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New “Healthy Streets” Program Will Expand Bus Stops, Create More Bike Lanes

As part of the City’s reopening process during the COVID-19 pandemic, Mayor Walsh has announced a new “healthy streets” program that will reimagine streets to support businesses and restaurants, provide additional space for residents using public transportation, and accelerate the installation of bike lanes.

The series of changes to Boston’s streets builds on Mayor Walsh’s earlier discussion of creative ideas to maintain social distancing in public spaces. The City has now released more details, including locations that will be impacted.

Expanding Bus Stops

To better accommodate workers who use MBTA bus routes, which continue to see high use by essential workers, the Boston Transportation Department will expand bus stops at ten locations in partnership with the MBTA, and will begin to make these changes the week of June 1st.

The closest location to the North End is Haymarket Station on Congress Street. Other locations include:

  • Maverick Blue Line Station on the median island in Maverick Square
  • Blue Hill Avenue Bus Stops (Inbound Only) at Morton Street and Woodhaven Street
  • Hynes Station (Northbound) Stop 
  • Broadway Station 
  • Haymarket Station on Congress Street 
  • Warren Street at Whiting Street and Moreland Street
  • Route 39 Bus Stop at Fenwood Street
  • Route 7 (Inbound) stop at L Street at Broadway

Accelerating Bike Lane Installations

The first phase of bike lanes will focus on connecting downtown to the citywide network. The closest street to the North End getting a new, “quick-build” bike lane is State Street from Atlantic Ave. to Congress St. Other locations include:

  • Arlington St (Beacon to Stuart)
  • Beacon St (Charles to Berkeley)
  • Boylston St (Arlington to Washington)
  • Charles St (Boylston to Beacon)
  • Columbus Ave (W Newton to Stuart)
  • Court St (Congress to Tremont)
  • State St (Atlantic to Congress)
  • Tremont St (Court to Shawmut) 

 “These innovative streets programs focus on what residents need: safe, reliable transportation if they must travel in Boston, access to fresh air and open spaces, and building social and physical distancing into everyday life. As we continue to carefully plan for reopening in Boston, we will continue our work to create streets and transportation that work for all.” – Mayor Walsh.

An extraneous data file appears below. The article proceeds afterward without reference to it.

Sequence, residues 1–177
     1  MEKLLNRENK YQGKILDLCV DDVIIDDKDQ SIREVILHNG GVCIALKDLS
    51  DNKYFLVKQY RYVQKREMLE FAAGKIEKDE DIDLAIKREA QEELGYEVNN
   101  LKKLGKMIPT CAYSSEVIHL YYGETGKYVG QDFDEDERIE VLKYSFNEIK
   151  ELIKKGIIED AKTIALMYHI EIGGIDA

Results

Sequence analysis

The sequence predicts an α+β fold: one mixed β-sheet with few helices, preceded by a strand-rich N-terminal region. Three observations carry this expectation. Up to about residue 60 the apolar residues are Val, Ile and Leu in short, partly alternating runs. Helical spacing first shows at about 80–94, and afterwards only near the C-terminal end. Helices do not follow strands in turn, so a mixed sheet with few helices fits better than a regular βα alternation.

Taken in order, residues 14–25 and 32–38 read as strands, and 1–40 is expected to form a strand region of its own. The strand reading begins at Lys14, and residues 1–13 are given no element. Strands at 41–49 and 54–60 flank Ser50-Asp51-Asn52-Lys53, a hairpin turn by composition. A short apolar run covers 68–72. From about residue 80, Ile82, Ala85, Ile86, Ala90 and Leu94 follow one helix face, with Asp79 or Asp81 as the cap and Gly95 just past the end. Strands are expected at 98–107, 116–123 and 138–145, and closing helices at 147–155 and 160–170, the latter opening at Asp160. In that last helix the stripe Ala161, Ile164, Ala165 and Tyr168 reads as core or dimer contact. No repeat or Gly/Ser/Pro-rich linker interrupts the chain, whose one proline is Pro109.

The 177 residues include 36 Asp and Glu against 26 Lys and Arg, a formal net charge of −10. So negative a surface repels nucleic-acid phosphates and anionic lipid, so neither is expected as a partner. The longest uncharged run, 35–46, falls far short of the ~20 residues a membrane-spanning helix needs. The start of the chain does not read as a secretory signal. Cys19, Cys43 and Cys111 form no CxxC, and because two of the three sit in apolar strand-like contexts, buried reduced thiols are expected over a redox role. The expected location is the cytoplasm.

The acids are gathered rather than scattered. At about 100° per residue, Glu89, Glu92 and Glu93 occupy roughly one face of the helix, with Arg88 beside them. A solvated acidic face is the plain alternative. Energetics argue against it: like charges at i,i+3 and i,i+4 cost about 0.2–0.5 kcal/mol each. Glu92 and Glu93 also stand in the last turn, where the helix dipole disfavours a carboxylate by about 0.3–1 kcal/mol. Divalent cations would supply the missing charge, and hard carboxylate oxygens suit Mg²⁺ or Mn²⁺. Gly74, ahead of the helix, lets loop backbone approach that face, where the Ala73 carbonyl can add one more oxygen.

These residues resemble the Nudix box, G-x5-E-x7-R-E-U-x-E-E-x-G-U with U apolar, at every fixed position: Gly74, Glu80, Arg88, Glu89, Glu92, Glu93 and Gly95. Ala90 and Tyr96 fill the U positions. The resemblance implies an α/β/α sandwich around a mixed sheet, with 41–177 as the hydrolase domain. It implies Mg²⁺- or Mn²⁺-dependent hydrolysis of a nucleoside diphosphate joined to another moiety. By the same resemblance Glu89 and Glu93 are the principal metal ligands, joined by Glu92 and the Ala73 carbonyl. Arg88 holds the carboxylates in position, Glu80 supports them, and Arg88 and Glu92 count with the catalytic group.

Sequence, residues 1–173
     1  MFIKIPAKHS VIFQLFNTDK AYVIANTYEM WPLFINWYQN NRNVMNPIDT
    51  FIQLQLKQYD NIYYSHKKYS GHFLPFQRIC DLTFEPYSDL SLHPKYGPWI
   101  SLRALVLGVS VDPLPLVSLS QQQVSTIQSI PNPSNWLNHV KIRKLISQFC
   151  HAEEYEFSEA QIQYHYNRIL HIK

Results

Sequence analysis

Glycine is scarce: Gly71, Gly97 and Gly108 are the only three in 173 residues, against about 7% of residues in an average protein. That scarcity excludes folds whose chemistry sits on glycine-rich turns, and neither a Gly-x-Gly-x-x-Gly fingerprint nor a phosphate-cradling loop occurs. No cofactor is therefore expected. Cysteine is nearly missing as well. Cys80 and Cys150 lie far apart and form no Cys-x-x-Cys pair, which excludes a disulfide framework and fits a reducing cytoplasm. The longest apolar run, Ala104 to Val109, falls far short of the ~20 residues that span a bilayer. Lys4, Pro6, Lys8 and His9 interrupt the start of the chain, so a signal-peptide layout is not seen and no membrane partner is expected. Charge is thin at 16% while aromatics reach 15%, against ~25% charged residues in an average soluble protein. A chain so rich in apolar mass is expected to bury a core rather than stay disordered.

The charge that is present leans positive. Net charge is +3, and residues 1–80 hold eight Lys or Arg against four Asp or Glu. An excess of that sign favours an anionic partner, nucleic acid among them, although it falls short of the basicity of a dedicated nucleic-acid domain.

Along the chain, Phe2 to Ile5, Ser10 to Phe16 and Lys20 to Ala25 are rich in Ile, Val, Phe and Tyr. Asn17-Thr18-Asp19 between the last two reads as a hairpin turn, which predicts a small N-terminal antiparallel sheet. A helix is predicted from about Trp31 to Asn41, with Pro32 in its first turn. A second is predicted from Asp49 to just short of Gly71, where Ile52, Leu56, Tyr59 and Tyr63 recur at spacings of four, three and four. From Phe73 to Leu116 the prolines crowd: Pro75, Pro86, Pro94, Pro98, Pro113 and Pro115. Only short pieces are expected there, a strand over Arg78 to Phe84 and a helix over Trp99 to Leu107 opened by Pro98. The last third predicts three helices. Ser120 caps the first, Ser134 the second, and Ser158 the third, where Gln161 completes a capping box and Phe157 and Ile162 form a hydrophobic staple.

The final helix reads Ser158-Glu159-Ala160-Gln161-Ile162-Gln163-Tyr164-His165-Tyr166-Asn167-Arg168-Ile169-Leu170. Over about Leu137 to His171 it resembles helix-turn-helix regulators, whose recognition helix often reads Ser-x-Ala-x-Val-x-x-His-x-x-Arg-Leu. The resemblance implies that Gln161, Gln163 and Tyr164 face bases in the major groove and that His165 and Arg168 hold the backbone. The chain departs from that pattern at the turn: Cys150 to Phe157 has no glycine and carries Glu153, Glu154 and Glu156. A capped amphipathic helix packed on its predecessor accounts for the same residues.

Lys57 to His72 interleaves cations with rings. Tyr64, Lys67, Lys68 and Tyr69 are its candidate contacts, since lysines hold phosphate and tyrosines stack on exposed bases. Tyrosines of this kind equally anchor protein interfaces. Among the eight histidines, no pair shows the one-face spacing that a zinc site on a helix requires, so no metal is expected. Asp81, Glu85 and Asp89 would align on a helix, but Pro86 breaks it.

Support for Restaurants

The Transportation and Public Works Departments are reviewing requests to accommodate outdoor dining on sidewalks and parking lanes from over 250 establishments. Temporary street closures with barriers and signs will also be explored as part of the outdoor seating work, and to create better green links to parks and open spaces.

The City has also created temporary pick-up zones in front of restaurants. To request a zone, fill out this online form.

Read more about the Healthy Streets Program at

3 Replies to “New “Healthy Streets” Program Will Expand Bus Stops, Create More Bike Lanes

  1. That person who posted claim they were a nurse and that the distance around runners and bicyclers needs to be 16 to 30 feet sort of sidelined my bicycle activity. Any truth to this?

    1. No. This is excessive. Go out and enjoy your summer exercise, as long as you are smart, you are fine. Exercise, fresh air, sunshine vital for our immune system…we need to be extra cautious doing things like riding the T, using public restrooms, and looking out for the elderly and the people with preexisting conditions…I

  2. While I’m excited to (finally) see this start to move forward, I’m very disappointed that Phase I of this initiative doesn’t include any additional space for quality of life or recreation and exercise.

    For recreation and exercise, the sidewalks/bike lanes/bike paths from South Station through the Esplanade along the water are either overcrowded, unsafe, or non-existent. It’s a no-brainer to repurpose a parking or travel lane along this route to provide space for recreation and exercise.

    For quality of life, I’d love to see the city give residents the option to repurpose space in front of their apartments for active use (rather than passive car storage). For that matter, we should really consider reclaiming the space in our neighborhood that is already purposed for active use but is instead used for passive storage (e.g. Foster Street Playground).

    I’m looking forward to announcements of Phase II, but given how long the city has dragged their feet on Phase I, and the lackluster contents of it, I’m not optimistic.

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